Veteran spotlight: Ryan Hunter

Giancarlo Nadeau


Ryan Hunter has been with the Wolf Pack longer than any of his current teammates. 


The Squamish, BC product first put on the grey and blue during the 2020-21 season. The season lasted three games for North Vancouver due to the COVID-19 pandemic, but Hunter still has fond memories from that time. “We weren’t sure if we were going to have games; we were just practicing all year but finally got the opportunity to play, and it was pretty special,” he said.


Hunter admits that although he wasn’t given many opportunities to play when he first started with the Wolf Pack, he still decided to work as hard as possible when opportunities arose. “Making sure you’re doing the little things right on and off the ice,” he added. Over the past four seasons, the left-shot forward has earned the reputation of being one of the best two-way centres in the Pacific Junior Hockey League. “I just try to do my part. The coaches always say that ‘D’ comes first, so I try to be strong in the D-zone and offensively minded, as well.”

Ryan has spent many hours driving from Squamish, where his family lives, to North Vancouver for games and practices over the past seasons. “Carpooling with some of the guys over the years makes it fun. The drive hasn’t been bad,” he said. Hunter has found a place to live this season with his Whistler teammate Anthony Reimer. “Living down here and being five minutes from the rink is nice. It eliminates the drive, so that’s been good,” he added. The support from friends and family has meant a lot for the alternate captain, and his parents show up to almost all of his games. Ryan may have been able to avoid the daily rides to Squamish, but his friends and family still have to do it! Hunter enjoys rollerblading and going to the gym in the off-season, “there are some nice spots in Squamish,” he explained.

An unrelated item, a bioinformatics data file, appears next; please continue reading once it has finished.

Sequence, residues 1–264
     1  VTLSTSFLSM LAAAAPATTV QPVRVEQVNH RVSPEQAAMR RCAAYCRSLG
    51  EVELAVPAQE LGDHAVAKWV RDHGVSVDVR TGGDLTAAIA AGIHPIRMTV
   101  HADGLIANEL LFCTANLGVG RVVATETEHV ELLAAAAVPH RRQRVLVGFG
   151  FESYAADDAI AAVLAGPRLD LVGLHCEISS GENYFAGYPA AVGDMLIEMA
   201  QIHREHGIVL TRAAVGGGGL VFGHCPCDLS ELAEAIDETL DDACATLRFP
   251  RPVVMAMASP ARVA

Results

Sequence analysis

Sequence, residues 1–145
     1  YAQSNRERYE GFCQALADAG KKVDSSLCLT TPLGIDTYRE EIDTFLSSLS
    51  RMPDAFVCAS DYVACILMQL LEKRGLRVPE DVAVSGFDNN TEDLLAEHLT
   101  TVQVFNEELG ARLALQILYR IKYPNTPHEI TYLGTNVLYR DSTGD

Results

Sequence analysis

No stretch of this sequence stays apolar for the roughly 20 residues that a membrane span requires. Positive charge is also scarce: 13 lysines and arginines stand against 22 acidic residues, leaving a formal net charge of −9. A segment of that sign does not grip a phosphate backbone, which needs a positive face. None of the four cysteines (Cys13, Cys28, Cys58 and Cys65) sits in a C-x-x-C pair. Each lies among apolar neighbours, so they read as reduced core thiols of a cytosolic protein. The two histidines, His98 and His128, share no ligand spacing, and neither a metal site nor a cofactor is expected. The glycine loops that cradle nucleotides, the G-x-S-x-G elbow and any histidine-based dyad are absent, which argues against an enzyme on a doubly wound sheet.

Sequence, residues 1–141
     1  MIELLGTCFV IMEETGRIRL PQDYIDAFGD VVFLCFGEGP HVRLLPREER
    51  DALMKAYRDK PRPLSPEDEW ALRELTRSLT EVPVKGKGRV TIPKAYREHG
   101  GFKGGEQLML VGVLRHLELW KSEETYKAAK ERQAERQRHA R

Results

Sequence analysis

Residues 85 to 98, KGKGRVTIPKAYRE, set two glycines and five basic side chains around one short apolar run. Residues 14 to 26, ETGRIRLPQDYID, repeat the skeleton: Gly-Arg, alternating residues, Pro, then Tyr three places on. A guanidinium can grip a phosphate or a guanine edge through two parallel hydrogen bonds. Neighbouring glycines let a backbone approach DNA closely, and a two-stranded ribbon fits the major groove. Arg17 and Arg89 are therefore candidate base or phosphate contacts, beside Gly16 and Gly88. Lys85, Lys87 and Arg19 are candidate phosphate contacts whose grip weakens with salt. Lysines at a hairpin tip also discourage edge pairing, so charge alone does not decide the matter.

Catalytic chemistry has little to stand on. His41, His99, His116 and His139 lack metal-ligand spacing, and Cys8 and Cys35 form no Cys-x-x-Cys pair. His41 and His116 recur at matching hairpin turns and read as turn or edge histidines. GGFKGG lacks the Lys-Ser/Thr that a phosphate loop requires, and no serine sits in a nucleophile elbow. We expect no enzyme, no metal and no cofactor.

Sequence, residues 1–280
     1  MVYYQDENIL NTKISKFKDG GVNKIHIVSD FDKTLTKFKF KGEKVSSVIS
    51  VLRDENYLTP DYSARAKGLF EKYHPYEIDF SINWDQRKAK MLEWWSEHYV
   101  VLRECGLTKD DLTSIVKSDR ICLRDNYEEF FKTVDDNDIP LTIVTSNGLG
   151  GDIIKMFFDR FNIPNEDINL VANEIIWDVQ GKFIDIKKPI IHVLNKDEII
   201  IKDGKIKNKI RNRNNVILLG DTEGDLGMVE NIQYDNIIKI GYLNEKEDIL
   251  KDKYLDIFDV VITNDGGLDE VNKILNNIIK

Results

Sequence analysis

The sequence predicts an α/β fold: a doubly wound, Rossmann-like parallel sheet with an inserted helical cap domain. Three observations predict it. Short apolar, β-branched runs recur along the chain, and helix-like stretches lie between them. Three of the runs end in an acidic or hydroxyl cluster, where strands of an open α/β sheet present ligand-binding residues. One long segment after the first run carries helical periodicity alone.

The 2003-born forward credits his success to his parents, teammates, and coaches. “I’ve had countless teammates over the years of playing hockey for so long now,” said Hunter. Playing with different players on different teams has been one of his most significant memories of being with the Wolf Pack. “I’ve seen lots of guys come in and out of the team, and I’ve enjoyed playing with them,” he added. Hunter admits that personal injuries are one thing that motivates him to play as hard as he can every night. “It’s pretty difficult watching games from the stands when all the guys are out playing games, so that’s something that has fuelled me for sure.”

Winning a championship is on the top of his mind, with his final season in the PJHL starting to end. “I’ve been here three years, and you think it could be your last every year, but this year definitely is. I want to make a run with this group of guys, some of them who have been here for two or three years, as well,” Hunter claimed. 


Hunter has been an alternate captain with the team for the past three seasons, and as a quiet guy, he lets his play do the talking. Ryan has put up 137 points in 125 combined regular season and playoff games, and he wants fans to remember him “as a hard worker and a leader on the ice.”